1. Find and target those Google+ real estate related profiles or business pages that interact with others. Follow them and get them to follow you. Create a circle for interactive users.

2. Start interacting with their posts and comments, without expectations. Soon you will get their attention and the reciprocation you're after.

3. Make sure to respond to all sensible comments, questions and shares asap. People interacting with you should not be ignored and should be rewarded without delay.

4. Try comments that encourage more conversation. Refrain from short meaningless responses such as "Great share", "Thank you" or "Nice post". Give engaging responses, such as "Sounds like a good idea. Do you think it's easy to carry out?"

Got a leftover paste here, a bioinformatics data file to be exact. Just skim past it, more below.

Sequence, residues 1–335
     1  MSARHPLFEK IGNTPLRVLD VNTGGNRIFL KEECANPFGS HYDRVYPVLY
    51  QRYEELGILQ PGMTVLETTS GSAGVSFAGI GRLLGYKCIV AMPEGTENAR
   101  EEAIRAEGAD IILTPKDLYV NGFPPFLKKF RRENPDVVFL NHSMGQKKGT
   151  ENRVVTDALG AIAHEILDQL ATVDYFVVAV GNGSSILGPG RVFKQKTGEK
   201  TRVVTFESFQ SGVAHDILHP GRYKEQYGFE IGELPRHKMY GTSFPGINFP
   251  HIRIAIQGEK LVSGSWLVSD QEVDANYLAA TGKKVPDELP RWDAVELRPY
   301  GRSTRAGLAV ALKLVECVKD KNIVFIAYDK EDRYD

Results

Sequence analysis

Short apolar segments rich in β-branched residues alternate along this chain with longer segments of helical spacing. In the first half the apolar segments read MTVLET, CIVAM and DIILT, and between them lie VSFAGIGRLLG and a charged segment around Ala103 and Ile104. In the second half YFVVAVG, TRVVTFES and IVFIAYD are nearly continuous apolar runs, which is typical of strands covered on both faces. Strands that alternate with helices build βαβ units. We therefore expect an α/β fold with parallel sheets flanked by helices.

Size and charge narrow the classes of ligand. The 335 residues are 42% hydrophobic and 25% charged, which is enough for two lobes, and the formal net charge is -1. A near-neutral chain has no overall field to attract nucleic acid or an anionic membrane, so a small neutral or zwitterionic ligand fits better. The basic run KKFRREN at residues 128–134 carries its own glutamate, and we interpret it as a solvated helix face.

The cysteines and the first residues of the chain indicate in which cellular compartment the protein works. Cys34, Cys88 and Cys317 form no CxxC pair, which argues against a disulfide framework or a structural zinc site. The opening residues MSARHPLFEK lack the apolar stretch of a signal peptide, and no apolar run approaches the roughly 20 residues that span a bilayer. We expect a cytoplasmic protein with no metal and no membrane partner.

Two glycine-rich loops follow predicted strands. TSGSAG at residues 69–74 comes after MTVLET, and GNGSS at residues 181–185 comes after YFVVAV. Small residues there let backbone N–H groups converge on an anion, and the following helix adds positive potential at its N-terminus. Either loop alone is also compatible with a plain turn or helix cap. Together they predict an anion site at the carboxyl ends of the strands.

5. Try to tag third parties in your conversation. That will give you more credibility and improve the dynamics of the conversation.

So how do alliances come into play? Once you create a friendship with someone, you try and nurture it on an ongoing basis. Provided, the other party is just as enthusiastic, you can create a cycle of back and forth. The more I interact with the other person, the more the other person's influence and authority increases. That in turn, helps leverage the authority and influence I receive back. As this cycle continues, we both continue to climb Google's ladder of social influence. Add multiple relationships with other Google+ users and you will start to see the leverage in propelling your social influence and authority higher.

In closing I want to stress the words "be natural in your interactions". Socializing artificially is not conducive to human relationships. I don't know, but why do I get the feeling that Google knows when you are genuine or faking it out?!!

Read more of my related posts:

Why Am I Not Getting Attention on G+?
Thank You, Thank You, Thank You
My Real Estate Posts Attract Little or No Attention
Advantages of Joining a Community on Google Plus